Adam Jones: Slow start due in part to rib injury, but by season's end he was where we thought he'd be, albeit with career-high FB%. Odd struggles vL seem fluky, and xPX says not to sweat PX dip. AAA reliability comforting, and career arcs rarely as smooth as this one. Sit back, relax as we continue our gentle descent from 2012-13 peak. (Olson)
2016: 29-83-.265 in 619 AB
2017: 26-73-.285 in 597 AB

DJ LeMahieu: Batting title! Sure, won't repeat BA once h% falls back to earth, but there's a lot to like: ct%, xBA, LD% fully back another .300 season; harder contact (HctX, xPX) make HR gains repeatable; surged vL; top-notch Spd leaves SB rebound window open. Some counting stat risk, but this came with plenty of skill support. (Bloomfield)
2016: 11-66-11-.348 in 552 AB
2017: 8-64-6-.310 in 609 AB

Leonys Martin: Sudden surge in xPX, hr/f lasted only two months; after 6/1, posted 68 xPX, 7% hr/f, much like he always has, and 2H FB% regressed with it. Expended ct% to buy that power, too; better hope he kept the receipt, because xBA, BPV trends suggest he's teetering on brink of statistical ruin. Pay for SB, short everything else. (Kruse)
2016: 15-47-24-.247 in 518 AB
2017: 3-9-7-.172 in 128 AB

Cameron Maybin: With a history of missing time due to various maladies, Maybin earns the dreaded F health grade. But his speed and running ability should have him on the radar. If can stay on the field, Maybin could pile up a lot of SBs. If you have room, speculate on his health, and pick him up late. (Adler)
2016: 4-43-15-.315 in 349 AB
2017: 10-35-33-.228 in 395 AB

Brad Miller: That doubling in hr/f not supported by HctX nor xPX, so don't go assuming he's now a 30-HR guy. Really, skills last season not much different than recent years; with shaky finish vL keeping a platoon in play, AB (and thus counting stats) are the iffiest part of this projection. (Truesdell)
2015: 11-46-.258 in 438 AB
2016: 30-81-.243 in 548 AB
2017: 9-40-.201 in 338 AB

Mitch Moreland: With plenty of competition for ABs in the Boston lineup, Moreland will have a hard time playing full-time. Expect him to see the lion’s share of time at 1B with some DH time, mostly against RHP. While Moreland’s a good bet to top 20 HR again, he’s unlikely to make more of a contribution. (Adler)
2015: 22-60-.233 in 460 AB
2016: 22-79-.246 in 508 AB

Mike Moustakas: Sidelined for season in May w/torn ACL just as breakout was in sight. Steady gain in walks, dip in strikeouts confirm improved maturity at dish. Only reason BA took nosedive was a fluky h%; see xBA for upside there. Added 20 ft of flyball distance from 2015, so don't assume HR/F pullback. If healthy... UP: .300-30-100 (Nickrand)
2016: 7-13-.240 in 104 AB
2017: 38-85-.272 in 555 AB

Daniel Murphy: A post-peak breakout that we saw coming, and then some. Concurrent upticks in FB% and hard contact have sent xPX soaring, making another 20+ HR well within reach. And steady xBA gains validate another .300+ BA, even if regression of that lofty hit rate makes another near-.350 mark unreachable. Now among the elite. (Nickrand)
2016: 25-104-.347 in 531 AB
2017: 23-93-.322 in 534 AB

Marcell Ozuna: Ozuna was in prime position to finish 2016 with a .275 BA and 30 HR before a wrist injury derailed his season. He made significant strides in 2016, improving his ct%, xPX, FB% and his performance vs. RHP. While those developments have been impressive, the 25-year-old has room for additional growth. (Pyron)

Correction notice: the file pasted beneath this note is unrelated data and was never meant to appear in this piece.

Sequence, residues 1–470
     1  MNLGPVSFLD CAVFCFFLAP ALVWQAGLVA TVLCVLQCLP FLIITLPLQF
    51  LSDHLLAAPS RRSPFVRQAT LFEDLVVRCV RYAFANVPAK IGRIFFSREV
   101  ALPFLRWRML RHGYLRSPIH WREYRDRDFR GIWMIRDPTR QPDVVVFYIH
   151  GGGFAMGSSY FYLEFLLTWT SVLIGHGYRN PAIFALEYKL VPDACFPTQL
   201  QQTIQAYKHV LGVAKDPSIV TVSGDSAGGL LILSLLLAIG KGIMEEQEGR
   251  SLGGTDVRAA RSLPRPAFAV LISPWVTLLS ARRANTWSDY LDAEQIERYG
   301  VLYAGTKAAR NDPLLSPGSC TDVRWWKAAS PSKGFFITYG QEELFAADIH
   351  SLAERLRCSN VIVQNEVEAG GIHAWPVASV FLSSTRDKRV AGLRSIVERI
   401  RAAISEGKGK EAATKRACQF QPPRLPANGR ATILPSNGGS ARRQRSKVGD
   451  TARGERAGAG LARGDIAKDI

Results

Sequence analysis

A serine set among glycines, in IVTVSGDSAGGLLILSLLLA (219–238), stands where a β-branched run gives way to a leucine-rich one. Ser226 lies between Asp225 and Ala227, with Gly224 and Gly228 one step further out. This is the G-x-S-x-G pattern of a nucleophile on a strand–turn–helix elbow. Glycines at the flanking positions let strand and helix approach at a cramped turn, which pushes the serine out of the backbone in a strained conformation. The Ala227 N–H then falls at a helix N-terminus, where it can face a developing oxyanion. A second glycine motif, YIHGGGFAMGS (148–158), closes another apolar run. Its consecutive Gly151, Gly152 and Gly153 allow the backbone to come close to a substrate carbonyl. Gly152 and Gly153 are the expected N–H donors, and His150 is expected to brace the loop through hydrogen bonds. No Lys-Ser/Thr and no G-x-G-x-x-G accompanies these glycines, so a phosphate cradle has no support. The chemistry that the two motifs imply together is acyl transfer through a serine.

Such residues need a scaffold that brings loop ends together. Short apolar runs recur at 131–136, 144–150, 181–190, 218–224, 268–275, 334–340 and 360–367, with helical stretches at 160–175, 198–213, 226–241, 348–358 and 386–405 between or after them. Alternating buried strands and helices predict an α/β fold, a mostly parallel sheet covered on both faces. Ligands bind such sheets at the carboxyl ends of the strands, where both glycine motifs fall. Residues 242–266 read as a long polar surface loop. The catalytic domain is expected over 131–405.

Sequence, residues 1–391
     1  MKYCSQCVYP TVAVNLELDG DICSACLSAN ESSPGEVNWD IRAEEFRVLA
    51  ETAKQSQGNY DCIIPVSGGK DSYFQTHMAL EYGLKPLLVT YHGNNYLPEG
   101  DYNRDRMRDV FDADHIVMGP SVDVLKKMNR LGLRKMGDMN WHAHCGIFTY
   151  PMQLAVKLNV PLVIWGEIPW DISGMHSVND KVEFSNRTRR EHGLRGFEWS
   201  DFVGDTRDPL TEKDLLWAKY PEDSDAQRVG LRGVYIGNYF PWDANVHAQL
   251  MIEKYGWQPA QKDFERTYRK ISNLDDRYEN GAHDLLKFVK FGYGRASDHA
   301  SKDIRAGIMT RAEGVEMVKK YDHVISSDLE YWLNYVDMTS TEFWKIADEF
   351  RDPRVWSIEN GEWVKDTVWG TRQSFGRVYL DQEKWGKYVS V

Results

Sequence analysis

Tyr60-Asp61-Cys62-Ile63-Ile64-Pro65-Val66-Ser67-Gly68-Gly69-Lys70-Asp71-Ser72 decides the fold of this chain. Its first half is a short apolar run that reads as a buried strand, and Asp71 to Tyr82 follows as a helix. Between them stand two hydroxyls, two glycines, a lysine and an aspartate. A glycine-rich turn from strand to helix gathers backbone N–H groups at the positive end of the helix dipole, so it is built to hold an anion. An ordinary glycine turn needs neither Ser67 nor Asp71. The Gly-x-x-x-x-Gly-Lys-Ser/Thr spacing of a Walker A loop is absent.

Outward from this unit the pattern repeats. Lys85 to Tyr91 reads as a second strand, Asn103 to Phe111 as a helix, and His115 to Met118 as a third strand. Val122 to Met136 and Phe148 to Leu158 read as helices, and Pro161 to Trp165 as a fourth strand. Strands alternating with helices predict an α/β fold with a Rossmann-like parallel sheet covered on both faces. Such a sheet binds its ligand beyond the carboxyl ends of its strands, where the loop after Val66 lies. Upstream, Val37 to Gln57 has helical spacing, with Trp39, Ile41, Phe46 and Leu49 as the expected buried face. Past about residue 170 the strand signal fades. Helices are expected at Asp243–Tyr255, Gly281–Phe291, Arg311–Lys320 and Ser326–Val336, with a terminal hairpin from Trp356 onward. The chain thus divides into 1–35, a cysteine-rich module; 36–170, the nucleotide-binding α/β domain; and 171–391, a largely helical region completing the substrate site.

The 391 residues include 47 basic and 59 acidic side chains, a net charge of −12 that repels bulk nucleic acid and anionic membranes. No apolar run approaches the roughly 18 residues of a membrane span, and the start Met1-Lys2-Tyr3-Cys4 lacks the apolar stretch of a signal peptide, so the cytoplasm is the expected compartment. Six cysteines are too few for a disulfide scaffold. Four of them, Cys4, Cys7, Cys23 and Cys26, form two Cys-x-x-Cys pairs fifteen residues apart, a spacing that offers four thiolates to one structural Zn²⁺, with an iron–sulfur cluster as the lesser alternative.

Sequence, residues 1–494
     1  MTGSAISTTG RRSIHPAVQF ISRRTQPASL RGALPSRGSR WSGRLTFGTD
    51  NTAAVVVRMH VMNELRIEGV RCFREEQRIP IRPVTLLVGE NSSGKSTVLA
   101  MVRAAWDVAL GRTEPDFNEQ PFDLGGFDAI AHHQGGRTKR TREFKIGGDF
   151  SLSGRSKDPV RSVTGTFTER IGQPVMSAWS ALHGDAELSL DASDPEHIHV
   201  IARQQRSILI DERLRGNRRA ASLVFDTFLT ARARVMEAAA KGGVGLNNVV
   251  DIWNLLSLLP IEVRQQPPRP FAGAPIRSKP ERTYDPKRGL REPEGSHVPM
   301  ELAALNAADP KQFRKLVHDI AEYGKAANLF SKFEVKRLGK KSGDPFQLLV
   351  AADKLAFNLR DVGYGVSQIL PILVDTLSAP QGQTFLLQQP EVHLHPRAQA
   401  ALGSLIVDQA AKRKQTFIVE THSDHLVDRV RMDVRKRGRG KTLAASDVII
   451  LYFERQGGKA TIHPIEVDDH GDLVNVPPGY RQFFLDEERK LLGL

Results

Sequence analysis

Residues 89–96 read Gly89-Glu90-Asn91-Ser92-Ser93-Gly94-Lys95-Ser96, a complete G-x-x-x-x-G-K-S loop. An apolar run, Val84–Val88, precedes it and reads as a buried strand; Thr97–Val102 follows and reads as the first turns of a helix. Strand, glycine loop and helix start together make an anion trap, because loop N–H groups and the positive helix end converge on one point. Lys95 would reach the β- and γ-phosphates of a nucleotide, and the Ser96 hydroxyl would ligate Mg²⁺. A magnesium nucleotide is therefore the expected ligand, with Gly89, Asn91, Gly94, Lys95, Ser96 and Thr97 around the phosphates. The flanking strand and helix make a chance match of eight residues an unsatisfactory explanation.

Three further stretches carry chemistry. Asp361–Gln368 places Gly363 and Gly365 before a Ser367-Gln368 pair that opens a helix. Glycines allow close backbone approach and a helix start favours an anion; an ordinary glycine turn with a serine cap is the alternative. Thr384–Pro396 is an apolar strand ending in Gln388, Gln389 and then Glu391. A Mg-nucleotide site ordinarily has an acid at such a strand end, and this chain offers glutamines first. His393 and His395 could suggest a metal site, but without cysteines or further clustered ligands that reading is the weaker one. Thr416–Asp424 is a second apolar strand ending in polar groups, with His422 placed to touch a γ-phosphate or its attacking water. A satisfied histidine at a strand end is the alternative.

2016: 23-76-.266 in 557 AB 
2017: 37-124-.312 in 613 AB

Jose Peraza: Peraza is one of Cincinnati's best young prospects, and his skills suggest he's ready to stick in the majors, but for 2017, target him for his stolen base potential, and don't pay for another .300+ BA. (Kruse)
2016: 3-25-21-324 in 241 AB
2017: 5-37-23-.259 in 487 AB

Hernan Perez: He will not steal 25 bases in 2017. That's a hit to his value, most of which came from his speed. Start with his .302 OBA, while his xBA and bb% imply a .273 xOBA. Not only does that restrict SB opportunities, but it can get you benched, and his average defense doesn't justify starting him if he's not hitting. GMs are paying for a repeat of 2016; the official projections put him about five rounds less than that. We'll take the under on both. (Cederholm)
2016: 13-56-34-.272 in 404 AB
2017: 14-51-13-.259 in 432 AB

Salvador Perez: Debuted a new plate approach heavy on FB, which kept 20 HR status at the expense of ct% and BA. In 2H, LD turned to GB, h% collapsed, and xBA cried even more. Nagging injuries (wrist, knee, hamstring) may have contributed, but still caught 128 G and avoided the DL. With full health, should return to double-digit value. (Dodge)
2016: 22-62-.247 in 514 AB
2017: 27-80-.268 in 471 AB

Tommy Pham: A Stephen Piscotty (RF, STL) injury recently opened the door for Pham's callup, and he has responded by blasting 3 HR in 24 AB. He won't keep up that pace, but a 239 xPX (135 HctX) to go along with an above average 11% BB rate bodes well for his power production. Whether he can keep the job depends upon his ct% (career 64%), because his 47% h% won't continue. However, it's encouraging to see a bump in FB% (44%) and a 75% ct% so far to go along with his above-average Spd profile. There is reason for optimism here despite the checkered injury history. (Pytleski)
2016: 9-17-2-.226 in 159 AB
2017: 23-73-25-.306 in 444 AB

Hunter Renfroe: Prototypical corner OF raked in Triple-A bandbox until over-aggressiveness showed up late. Free-swinger thrived in Sept MLB call-up, but aversion to walks is a looming issue. Power is legit and ct% isn't gawd-awful. With adjustment? UP: .250 BA, 25 HR. If not? DN: Back to Triple-A. (Thompson)